In the past two months I have witnessed desperation on a whole new level with these refugees. There is simply no way to fully explain to you the survivor mentality and heartache that has taken place for these people. There is actually no simple way for me to fully grasp all that I have experienced. However, If you could, just for a moment, put yourself into a picture for me. A picture that I have been trying to place myself in since I have come to this refugee camp.
Imagine living with your family, in a country you dearly love and call home, having a daily routine, working a job to make a living, with big dreams for a brighter future…..So are you still following me? This shouldn’t be too difficult considering this is most of our reality too. Now if you would continue to imagine with me for a little bit longer.
One day your country undergoes attack and chaos due to religious and political disagreements. And from that moment on, day after day there are sudden bombings and murders. Your family and friends turn up missing. People you know and dearly love: your mother, father, teacher, brother, neighbor you’ve lived next to your whole life, sister, cousins, best friend, etc. all die right in front of your eyes. You have no home, no family, no food, no refuge…..no hope. Until you hear about Europe, taking in people like you, granting asylum toward the hope of a better future elsewhere.
After escaping and traveling for days on end, you reach yet another leg of travel. Paying a smuggler an exorbitant amount of money, you pile into a risky, inflatable boat (max capacity 17) with up to seventy others, setting sail for the nearest Greek Island, where freedom soon awaits (if you manage to survive the waters). Only when you arrive at this place of “refuge,” you are faced with a camp overflowing with thousands of people from over 30 different nations (people who have left their countries for all different reasons), lack of housing and blankets, food that doesn’t sustain you, and hours upon hours of waiting with no answers. And to top it all off, the winter nights have been chilly and you are paired with people from other countries who have been your enemy for the past few years. Riots and ethnic fights erupt unbidden and you realize that “safety” here is but a myth.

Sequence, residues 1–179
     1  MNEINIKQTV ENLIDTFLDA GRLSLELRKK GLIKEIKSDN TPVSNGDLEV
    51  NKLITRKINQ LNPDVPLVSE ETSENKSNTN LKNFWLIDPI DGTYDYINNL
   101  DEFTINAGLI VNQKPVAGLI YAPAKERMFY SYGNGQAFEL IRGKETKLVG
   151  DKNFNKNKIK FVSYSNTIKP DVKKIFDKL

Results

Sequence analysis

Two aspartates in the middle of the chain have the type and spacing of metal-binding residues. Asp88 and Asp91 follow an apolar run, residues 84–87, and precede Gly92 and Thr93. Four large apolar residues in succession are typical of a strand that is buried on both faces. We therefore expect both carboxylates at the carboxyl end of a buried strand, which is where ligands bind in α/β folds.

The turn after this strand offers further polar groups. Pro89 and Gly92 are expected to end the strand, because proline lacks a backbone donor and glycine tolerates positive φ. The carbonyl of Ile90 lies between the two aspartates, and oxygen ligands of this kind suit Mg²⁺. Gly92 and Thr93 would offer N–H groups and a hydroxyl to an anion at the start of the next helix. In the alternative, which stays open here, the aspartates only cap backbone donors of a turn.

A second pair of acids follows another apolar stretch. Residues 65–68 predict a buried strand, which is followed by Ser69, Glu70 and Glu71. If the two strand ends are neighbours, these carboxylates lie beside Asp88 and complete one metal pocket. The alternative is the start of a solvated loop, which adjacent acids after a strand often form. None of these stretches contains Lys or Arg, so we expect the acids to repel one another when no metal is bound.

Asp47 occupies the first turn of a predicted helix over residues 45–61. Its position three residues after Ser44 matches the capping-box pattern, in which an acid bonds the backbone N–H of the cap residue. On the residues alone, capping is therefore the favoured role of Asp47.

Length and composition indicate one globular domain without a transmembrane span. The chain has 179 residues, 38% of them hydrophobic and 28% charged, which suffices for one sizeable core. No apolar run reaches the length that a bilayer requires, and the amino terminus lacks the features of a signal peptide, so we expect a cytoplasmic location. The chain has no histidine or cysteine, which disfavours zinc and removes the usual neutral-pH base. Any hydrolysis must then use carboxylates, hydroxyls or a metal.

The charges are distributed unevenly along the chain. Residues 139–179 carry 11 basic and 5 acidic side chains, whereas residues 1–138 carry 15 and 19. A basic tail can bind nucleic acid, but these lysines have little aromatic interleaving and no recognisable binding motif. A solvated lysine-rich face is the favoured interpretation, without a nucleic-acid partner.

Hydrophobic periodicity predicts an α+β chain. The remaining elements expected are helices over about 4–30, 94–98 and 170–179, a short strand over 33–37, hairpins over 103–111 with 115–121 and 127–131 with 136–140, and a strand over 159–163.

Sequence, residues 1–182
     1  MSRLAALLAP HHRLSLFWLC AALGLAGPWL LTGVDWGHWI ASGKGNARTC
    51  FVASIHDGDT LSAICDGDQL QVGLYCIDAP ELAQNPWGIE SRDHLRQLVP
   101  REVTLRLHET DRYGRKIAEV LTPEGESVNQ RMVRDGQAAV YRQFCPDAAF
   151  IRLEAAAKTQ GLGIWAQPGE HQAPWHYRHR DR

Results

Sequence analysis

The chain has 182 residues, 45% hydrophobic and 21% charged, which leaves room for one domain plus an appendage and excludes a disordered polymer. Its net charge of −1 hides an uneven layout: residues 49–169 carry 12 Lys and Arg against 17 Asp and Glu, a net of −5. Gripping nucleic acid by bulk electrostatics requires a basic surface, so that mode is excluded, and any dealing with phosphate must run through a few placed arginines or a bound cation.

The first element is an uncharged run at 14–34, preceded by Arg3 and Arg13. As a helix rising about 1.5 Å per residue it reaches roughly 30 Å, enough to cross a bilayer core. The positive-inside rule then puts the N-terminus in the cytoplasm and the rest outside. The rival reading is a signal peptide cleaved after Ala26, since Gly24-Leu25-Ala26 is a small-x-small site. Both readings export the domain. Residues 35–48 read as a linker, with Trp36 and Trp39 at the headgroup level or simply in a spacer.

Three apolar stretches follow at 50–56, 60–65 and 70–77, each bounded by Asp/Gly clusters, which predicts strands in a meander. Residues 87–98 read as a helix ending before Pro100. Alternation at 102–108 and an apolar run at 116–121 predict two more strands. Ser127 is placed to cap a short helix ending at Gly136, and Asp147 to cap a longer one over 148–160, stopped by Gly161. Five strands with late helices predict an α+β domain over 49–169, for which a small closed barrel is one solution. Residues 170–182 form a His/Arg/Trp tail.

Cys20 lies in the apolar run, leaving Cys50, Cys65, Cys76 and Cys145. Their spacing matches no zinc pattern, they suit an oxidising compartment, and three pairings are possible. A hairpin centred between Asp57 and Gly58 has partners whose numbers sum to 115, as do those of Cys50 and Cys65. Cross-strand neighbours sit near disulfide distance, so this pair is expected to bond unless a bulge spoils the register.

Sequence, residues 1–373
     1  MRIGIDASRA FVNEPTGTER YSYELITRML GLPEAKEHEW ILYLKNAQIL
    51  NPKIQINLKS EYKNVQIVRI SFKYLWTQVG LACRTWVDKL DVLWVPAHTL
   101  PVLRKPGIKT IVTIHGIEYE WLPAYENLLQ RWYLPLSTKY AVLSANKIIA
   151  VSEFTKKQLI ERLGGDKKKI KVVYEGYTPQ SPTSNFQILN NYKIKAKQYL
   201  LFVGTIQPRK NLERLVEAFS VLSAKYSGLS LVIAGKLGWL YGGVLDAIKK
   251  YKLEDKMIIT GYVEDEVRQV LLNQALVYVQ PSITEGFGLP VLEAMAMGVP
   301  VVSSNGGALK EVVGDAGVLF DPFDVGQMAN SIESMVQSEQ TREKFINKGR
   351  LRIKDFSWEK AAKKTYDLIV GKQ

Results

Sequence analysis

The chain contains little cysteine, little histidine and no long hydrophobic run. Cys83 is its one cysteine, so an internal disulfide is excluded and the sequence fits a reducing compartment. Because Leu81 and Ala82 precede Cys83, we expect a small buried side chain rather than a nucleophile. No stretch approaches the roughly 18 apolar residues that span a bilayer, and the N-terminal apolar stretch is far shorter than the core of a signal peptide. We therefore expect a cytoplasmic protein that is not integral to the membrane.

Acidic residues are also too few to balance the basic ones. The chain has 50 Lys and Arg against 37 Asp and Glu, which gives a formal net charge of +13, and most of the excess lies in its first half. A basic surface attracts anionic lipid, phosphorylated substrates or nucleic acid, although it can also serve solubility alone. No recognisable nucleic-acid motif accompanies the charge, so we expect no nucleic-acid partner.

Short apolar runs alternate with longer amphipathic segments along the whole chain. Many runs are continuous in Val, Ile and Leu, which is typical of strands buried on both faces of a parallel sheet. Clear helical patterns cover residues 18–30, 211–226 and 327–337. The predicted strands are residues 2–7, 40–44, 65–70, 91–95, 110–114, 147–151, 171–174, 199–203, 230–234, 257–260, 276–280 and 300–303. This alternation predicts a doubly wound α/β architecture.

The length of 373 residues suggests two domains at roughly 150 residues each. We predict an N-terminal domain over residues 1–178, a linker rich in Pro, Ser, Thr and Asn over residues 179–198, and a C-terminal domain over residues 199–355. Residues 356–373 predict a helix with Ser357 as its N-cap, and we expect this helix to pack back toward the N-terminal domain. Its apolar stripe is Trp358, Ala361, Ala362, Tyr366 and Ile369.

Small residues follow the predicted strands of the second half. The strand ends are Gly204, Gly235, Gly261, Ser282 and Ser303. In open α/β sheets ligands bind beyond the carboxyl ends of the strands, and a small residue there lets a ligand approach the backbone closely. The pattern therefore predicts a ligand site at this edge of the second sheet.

Beyond the paltry physical conditions, you learn that many of the countries in the European Union have closed their borders, preventing your further passing from this now-turned detention center. With the successful Brexit vote (Britain exiting the EU due to its lenient immigration policies) and still other countries threatening to leave the union if policies to not tighten (including Italy, France, Austria and five others), you begin to understand that your chances of moving on are bleak, your future uncertain and grim.
This is their reality folks!! I would also like to add that the European Union and Afghanistan signed an agreement a few weeks ago to deport thousands of Afghans back to their unstable, war-torn country if they have not been granted asylum. Yet, the desperation didn’t start here in Greece. It started sometime before.